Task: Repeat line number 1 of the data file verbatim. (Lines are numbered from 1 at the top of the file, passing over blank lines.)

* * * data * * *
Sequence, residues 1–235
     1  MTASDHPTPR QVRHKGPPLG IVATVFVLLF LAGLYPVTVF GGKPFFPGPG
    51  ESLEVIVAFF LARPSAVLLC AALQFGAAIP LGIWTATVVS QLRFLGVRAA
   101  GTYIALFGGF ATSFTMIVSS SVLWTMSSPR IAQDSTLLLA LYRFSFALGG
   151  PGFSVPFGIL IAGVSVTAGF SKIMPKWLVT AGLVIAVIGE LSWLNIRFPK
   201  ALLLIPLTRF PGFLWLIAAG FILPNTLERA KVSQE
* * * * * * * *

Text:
Sequence, residues 1–235